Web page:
Ewaldo: That’s super interesting. What was your master’s degree in?
Bridget: My master's research was on the ecology of Ceriantheopsis americanus, which is a burrowing mud anemone.
Ewaldo: And why didn't you follow up on that particular topic?
Bridget: There's not a lot of jobs for that particular topic. So, I found a job that was mainly education. But it was a horrible salary. Like a third of what you students make. So, in the summer, I went to an oceanography summer camp and worked there. Then after a couple of years, I was like: “Okay, I cannot make a living at this”. I was searching around not being so successful. In the meantime, I did another environmental education job down in Virginia, which was fun.
Ewaldo: All the way down! So when did you come back up to the Northeast?
Bridget: As I was finishing that up, my former boss said: “I got a Pew Foundation Grant, and I put in money for a research assistant. Do you want to come work with me?” I said yes and I went to work with him, but it was only a two-year grant. As that was coming to an end, I saw a job by a man named Evan Ward. I didn't really know anything about culturing phytoplankton, which was what he wanted. But I figured I could learn. Why not? Right. So yeah, that's how I got here. And that was in 1999.
Ewaldo: It's been 24 years! And what was your position then – and currently?
Bridget: I was a research assistant when I started. Now, I'm a research assistant three, but in a lot of ways, my job is very similar. The only thing that has really changed is that as funding got tight, I started to work for Rob Mason as well. I also worked with Claudia for some time, because her job was expanding. I like the fact that there's a lot of variety. I hate being bored.
Ewaldo: You have done a lot of different things and learned a lot of things in this dynamic way. What were your biggest challenges and also biggest joys here?
Bridget: You know, I really enjoy working with bivalves, I like running experiments. Even though sometimes they can be a little crazy. I like seeing the whole process, from what we are proposing to do, to making it happen, and analyzing the data. And then luckily, I don't have to write it.
Ewaldo: Would you have advice for grad students?
Bridget: Boy, that's a really good question. One of the things in this is just kind of funny, because writing is not my favorite thing to do. But people often get hung up on the writing portion, thinking to themselves: “Okay, I need to write the perfect sentence”. Sometimes you just need to write. The beauty of the computer is that you can delete it, you can move it, you can copy and paste it into a different document. So you just have to get your ideas down on “paper”, and then refine them later. Just write it down, get it on the computer, and then fix it.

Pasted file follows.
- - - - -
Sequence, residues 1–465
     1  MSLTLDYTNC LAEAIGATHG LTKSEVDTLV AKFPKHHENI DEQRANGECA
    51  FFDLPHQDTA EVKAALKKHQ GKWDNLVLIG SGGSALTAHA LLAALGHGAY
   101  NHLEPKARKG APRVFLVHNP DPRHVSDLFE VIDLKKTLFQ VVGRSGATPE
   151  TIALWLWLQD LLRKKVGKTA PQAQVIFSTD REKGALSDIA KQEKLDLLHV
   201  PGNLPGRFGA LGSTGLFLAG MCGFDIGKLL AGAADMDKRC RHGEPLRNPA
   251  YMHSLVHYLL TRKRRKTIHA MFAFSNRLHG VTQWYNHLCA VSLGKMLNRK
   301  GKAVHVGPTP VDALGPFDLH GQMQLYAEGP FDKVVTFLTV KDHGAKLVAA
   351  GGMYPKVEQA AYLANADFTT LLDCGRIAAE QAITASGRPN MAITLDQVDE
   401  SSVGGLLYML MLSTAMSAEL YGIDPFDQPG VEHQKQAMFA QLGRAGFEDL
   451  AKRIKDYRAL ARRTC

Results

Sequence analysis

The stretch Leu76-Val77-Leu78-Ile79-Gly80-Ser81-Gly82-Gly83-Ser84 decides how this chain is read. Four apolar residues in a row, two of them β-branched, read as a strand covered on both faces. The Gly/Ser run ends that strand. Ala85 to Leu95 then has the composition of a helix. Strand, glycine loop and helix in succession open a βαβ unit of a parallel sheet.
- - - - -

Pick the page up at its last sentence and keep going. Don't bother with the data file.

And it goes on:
Also, I recognize that there can be a weird power dynamic between students and professors. But with most professors, you can really just say, “I need help with this….” Rather than wasting a bunch of time, being afraid to ask. Professors will be more receptive than if you wait five months and say you haven't been able to get this to work for five months. That is especially true when students are first starting out, and I see that is an easy role for me to fill. Because students are more comfortable coming to me and saying: “Hey, I don't know what's going on here”. Usually I can point them in a direction or even facilitate the conversation. And of course, there have certainly been times that my advice has been about things having nothing to do with oceanography.
Ewaldo: This is all great advice. Thank you. Maybe the final question, what's the story behind the five cents for advice in your door?
Bridget: I came back to my office one day, and we had a new nameplate and my title was wrong. Nobody told us they were going to change nameplates. I was not happy, so I took it off. I, of course, calmed down. I was going to put the correct title and make it more legible by making our names bigger (I shared an office at the time). It wasn’t a priority for me, so I took my time replacing it. One day I came back to my office and the Lucy character from the Peanuts comic was there. In the Peanuts comics, she had a little booth where she gave advice for five cents. One of my colleagues put it in there because sometimes people come to me for things other than science related advice. I found out later that it was Jeff Godfrey. I thought it was super funny, so I just left it. And one day I came back and there was a little bag of nickels.
Ewaldo: Who did that?
Bridget: It was Lydia Norton
Ewaldo: I guess that sounds about right! Hehe. Thank you so much, Bridget!